ISIS Hostage John Cantlie Releases New Video

In latest slick 'report', ISIS's British hostage drives police car, attempts to portray 'life as usual' in captured Iraqi city of Mosul.

Ari Soffer ,

Cantlie appears in latest ISIS propaganda video
Cantlie appears in latest ISIS propaganda video
Screenshot

The Islamic State (ISIS) terrorist group has released an eighth video of captured British journalist John Cantlie, this time reporting from the streets of Mosul in Iraq.

In the eight-minute video, uploaded to the internet on January 3rd, Cantlie claims "life in Mosul is business as usual", despite media reports of power outages, food and medical shortages, and oppression by ISIS authorities.

As in his previous video, in which he claimed to be reporting from inside the contested city of Kobane along the Turkish border with Syria, Cantlie appears in regular civilian clothes in place of the orange jumpsuit he wore in previous videos. 

At times, he is even seen behind the wheel of a car and riding a police motorbike - although it is unclear whether he is actually doing so or simply taking part in a staged simulation. In one scene he even drives up to the camera in a police car, and claims that ISIS's police force has succeeded in stopping crime altogether, contrasting them with the Iraqi government police.

Prior to ISIS's arrival, "all the police in Mosul really learned is how to drop their weapons and run," he says.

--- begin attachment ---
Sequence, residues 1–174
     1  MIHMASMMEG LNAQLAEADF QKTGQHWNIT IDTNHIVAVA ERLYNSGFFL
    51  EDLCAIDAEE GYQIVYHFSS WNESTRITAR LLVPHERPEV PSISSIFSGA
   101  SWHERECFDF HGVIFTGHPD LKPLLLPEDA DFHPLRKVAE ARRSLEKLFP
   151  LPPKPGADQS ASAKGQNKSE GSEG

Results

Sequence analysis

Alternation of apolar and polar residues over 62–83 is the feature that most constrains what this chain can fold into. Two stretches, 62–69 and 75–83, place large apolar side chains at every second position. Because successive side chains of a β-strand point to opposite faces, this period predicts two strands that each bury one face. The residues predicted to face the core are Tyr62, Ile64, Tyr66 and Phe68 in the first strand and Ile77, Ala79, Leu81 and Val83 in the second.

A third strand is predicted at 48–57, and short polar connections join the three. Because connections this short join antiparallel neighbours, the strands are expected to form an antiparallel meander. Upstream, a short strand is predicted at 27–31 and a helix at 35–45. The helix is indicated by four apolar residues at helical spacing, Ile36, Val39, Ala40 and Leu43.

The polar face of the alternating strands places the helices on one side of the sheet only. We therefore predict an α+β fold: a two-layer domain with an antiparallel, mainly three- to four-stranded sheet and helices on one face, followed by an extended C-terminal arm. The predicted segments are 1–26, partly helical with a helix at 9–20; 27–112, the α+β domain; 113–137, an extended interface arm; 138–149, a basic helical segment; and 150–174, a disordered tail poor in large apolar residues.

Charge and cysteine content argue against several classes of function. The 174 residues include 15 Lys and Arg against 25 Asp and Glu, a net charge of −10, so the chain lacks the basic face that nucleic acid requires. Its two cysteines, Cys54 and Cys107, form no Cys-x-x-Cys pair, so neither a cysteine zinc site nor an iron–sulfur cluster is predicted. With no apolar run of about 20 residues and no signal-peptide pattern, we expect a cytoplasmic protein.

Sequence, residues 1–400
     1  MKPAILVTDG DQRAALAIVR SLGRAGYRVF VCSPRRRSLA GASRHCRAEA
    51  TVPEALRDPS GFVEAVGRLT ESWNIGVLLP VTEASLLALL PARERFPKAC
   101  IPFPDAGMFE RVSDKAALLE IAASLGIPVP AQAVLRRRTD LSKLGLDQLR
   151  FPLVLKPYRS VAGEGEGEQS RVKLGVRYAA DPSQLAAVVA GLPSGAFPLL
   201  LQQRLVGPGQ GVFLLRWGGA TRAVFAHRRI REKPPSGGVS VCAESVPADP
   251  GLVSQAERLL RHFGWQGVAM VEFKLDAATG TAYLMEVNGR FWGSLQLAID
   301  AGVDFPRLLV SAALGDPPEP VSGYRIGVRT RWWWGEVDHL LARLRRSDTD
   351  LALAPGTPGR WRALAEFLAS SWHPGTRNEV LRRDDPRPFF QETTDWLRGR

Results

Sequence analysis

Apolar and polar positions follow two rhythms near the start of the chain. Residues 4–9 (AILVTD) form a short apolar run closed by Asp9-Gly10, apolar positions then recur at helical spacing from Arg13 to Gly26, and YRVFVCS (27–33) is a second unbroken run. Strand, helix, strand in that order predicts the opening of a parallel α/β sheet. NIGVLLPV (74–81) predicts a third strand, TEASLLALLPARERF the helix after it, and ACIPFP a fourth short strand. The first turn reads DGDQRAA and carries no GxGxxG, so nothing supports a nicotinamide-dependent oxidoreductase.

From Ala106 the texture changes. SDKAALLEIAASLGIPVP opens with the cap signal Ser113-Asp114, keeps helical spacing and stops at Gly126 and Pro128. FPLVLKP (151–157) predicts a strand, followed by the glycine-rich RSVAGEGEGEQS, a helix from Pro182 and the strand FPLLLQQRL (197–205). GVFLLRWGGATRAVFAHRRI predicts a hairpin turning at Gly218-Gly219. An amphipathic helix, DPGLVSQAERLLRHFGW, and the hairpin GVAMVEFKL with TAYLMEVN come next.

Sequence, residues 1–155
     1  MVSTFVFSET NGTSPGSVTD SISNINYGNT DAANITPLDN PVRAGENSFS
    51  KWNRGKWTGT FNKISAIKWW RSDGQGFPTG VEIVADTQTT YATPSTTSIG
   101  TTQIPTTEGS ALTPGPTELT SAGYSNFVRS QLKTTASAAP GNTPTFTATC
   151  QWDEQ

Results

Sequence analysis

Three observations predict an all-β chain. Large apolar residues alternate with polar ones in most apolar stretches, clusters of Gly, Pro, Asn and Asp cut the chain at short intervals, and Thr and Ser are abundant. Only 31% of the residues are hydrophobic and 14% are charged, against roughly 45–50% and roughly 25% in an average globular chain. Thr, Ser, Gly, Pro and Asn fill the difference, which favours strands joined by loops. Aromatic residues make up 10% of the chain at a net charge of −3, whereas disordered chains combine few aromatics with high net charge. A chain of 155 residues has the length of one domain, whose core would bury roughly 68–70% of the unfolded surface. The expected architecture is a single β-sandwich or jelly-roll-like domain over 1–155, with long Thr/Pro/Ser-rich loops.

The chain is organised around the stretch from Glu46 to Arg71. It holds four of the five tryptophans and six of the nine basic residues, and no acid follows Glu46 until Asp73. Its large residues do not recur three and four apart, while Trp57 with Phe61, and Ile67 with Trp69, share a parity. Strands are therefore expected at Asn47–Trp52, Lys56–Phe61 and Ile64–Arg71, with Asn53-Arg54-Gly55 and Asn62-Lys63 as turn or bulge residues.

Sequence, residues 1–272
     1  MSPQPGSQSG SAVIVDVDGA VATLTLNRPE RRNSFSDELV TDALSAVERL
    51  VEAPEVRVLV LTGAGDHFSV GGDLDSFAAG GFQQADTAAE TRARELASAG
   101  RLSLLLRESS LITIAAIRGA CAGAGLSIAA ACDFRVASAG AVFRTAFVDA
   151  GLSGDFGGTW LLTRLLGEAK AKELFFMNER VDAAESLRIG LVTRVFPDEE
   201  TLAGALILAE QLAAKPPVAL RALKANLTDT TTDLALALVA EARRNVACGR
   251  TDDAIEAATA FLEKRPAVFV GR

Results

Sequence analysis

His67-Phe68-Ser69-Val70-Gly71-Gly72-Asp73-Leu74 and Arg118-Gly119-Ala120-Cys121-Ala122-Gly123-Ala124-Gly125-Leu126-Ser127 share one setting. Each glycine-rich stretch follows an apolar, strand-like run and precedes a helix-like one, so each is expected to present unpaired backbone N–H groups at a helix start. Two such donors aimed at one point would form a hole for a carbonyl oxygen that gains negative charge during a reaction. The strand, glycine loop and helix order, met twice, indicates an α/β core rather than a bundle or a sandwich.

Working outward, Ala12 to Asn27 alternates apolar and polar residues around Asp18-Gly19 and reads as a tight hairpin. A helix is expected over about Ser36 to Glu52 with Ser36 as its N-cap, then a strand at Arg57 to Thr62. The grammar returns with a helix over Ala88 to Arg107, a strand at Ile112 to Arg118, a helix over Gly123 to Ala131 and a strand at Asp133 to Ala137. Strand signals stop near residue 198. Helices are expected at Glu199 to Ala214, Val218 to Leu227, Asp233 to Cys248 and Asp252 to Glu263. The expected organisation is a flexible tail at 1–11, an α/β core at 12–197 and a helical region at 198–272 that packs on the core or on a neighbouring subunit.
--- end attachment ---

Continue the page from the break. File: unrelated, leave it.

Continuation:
Both Cantlie's relaxed and generally healthy appearance, as well as the content of the heavily-staged, documentary-style report, are a change of track in ISIS's use and portrayal of its western hostages. The latest video is a clear attempt by ISIS to counter media reports of an oppressive, brutal regime struggling to maintain basic services, and project instead an image of a fully-functioning state.

"The media likes to paint a picture of life in the Islamic State as depressed, people walking around as subjugated citizens in chains and beaten down by strict totalitarian rules," he says. "But really apart from the rather chilly, very sunny December weather, life here in Mosul is business as usual."

He compares the supposedly stable rule of ISIS to the "oppression of Saddam" and "descent of chaos" following the 2003 US-led invasion.

During his "report" Cantlie visits a number of locations, including a busy local souk and a hospital, claiming to show how ISIS is withstanding the aerial assault against it.

"The Islamic State is prevailing, they can take it," he says at one point.

In one bizarre, and somewhat cruel clip the camera pans up to show a coalition aircraft flying ahead, at which point Cantlie can be heard shouting, "Down here! Over here...! Try to rescue me again! Do something! Useless, absolutely useless!"

That scene may be as much a dig at two recent failed attempts by US-led forces to rescue a Jordanian air force pilot held by ISIS, as the fact that the jihadi group has been holding Cantlie himself for over two years.

ISIS has executed five western hostages in total since August last year: aid workers Alan Henning, David Haines and Peter Kassig, as well as American journalists James Foley and Steven Sotloff. All of them were beheaded on camera in gruesome videos published online.

But while Cantlie has previously appealed for help, warning the terrorists would kill him next, the fact that the string of successive executions did nothing to halt anti-ISIS operations appears to have caused ISIS to rethink its propaganda strategy.

Commenting on the November execution of Peter Kassig, Professor Peter Neumann of King’s College Centre for Study of Radicalisation and Political Violence suggested that the fact that ISIS is running out of western hostages to kill was also significant..

"I don’t think they have decided yet what to do with Cantlie, he must be still quite useful for them."



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